The National Theater has been a premiere performing house in Washington, D.C. since it opened in the 1830s. Its guest list is a Who’s Who of American entertainment. The theater also plays a role in the story of Abraham Lincoln’s assassination. Would history have been different if Lincoln had attended a play at the National Theater instead of Ford’s Theatre? “Grover’s National Theater” has its history of ghosts—those that might be and those that might have been.
The National Theater, also known as Grover’s Theater and Grover’s National
Theatre, opened in 1835 a few blocks away from the White House in Washington, D.C. Known for its elegance and political decor,
the theater featured scenes of early American history such as the Declaration
of Independence and George Washington at Mount
times being known as “Grover’s Theater” and “Grover’s National Theater,” the
National has been in almost continuous operation since it opened—despite fires
and rebuildings. It claims to have
entertained every U.S.
president since Andrew Jackson.
The National also played a role in the Civil Rights movement. Up until the 1940s, black actors were allowed
on stage but the best audience seats remained restricted to whites. In 1936,
actor Todd Duncan protested the segregation and refused to perform. Initially, management closed the theater in
1948 rather than integrate, but reopened with full integration in 1952.
Today, the stone foundations and brick stage house built in 1835 still
exist, but the rest has been fully renovated, most recently in the 1980s as
part of a major city redevelopment plan.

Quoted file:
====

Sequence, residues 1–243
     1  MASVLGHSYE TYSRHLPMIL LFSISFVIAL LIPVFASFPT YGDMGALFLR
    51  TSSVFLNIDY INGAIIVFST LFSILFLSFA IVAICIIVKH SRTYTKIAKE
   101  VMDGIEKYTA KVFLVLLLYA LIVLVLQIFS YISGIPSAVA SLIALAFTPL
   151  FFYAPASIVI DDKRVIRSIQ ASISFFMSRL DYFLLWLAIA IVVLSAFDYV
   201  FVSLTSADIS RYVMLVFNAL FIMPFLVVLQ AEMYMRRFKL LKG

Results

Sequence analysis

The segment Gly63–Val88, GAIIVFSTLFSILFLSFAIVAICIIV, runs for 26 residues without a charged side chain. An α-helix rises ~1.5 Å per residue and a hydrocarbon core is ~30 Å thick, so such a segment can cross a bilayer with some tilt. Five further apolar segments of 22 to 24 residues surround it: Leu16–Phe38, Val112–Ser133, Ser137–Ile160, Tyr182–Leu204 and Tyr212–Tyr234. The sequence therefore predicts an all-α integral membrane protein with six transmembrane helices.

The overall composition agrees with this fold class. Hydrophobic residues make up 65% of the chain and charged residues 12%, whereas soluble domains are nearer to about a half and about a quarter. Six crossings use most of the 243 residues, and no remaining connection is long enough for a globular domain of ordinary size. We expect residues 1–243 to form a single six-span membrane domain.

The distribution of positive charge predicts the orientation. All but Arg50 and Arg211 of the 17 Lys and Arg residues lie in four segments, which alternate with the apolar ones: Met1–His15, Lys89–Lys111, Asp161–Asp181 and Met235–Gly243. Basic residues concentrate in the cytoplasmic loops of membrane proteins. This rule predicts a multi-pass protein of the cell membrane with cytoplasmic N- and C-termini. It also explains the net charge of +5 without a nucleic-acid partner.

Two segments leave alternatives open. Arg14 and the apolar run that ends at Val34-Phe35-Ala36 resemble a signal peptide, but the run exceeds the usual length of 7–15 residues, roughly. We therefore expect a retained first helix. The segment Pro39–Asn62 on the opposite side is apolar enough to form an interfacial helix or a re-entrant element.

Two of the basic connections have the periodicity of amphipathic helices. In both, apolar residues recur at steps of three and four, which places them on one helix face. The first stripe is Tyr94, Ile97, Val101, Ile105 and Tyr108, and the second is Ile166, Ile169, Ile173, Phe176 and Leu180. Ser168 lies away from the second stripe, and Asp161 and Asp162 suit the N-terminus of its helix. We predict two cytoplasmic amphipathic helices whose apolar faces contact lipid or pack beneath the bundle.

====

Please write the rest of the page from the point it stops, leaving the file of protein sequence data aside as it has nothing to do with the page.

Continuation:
The theater continues its role as a major cultural center in our
nation’s capital—in more ways that one.
The National Theater is also a legendary “haunted location” for mystery seekers. More on that later.
There is much speculation about what might have happened if
Abraham Lincoln had instead attended Grover’s Theater on April 14, 1865. His son, Tad, attended the Grover’s
presentation of “Aladdin or the Wonderful Lamp” the same night Abraham and Mary
attended “Our American Cousin” at Ford’s Theatre. The alternate choice was a strong
possibility. Lincoln had attended 17 performances, and
learned of his nomination to a second term, at Grover’s in the previous two
years. One such event, eerily enough,
included John Wilkes Booth’s Washington
debut in the performance of Shakespeare’s Richard III. Abraham knew Leonard Grover and was invited
by the theater’s manager to attend the April 14 show of “Aladdin.” So the question has been raised: did the president’s choice seal his fate? Would his death been avoided?
Not necessarily. On
April 13, Booth went to Grover’s Theater and asked if Lincoln was invited to see “Aladdin.” The answer was yes, so Booth purchased
tickets for the box that adjoined the presidential box. Everything was in place for the assassination
to take place at Grover’s. However,
Booth learned the next morning that Lincoln
had reserved a box at Ford’s for that night.
And so Booth carried out the assassination there. In the minds of many, Lincoln’s choice likely made no difference in
his fate. He was probably going to be
murdered one way or the other.
So if Lincoln
might have been a ghost at Grover’s Theater, he also might not have been
alone. Haunted location buffs persist in
tracking down the ghost of Irish-born actor John Edward McCullough who was
allegedly shot backstage by a fellow actor and then buried quickly under the
theater. The legend of McCullough’s
ghost was first seen by a friend, Frederic Bond, while working late in
1896. McCullough’s spirit was dressed in
Shakespeare’s Hamlet and disappeared when Bond spoke his name.
The McCullough ghost tale is almost certainly a persistent
myth. His last stage appearance was in
1884 when he could not remember his lines.
He suffered from a long illness involving mental instability and was
committed to a mental institution.
According to witnesses, McCullough died at home in bed in the company of
friends and family at home in Philadelphia. Also, the 1880s National building was razed
in 1932 and rebuilt, and no impromptu grave was found.
Theater legend involves the ghost of an unnamed young boy who also haunted its
halls in the 1800s. Little is known
about this ghost story and no sightings have been reported in many decades.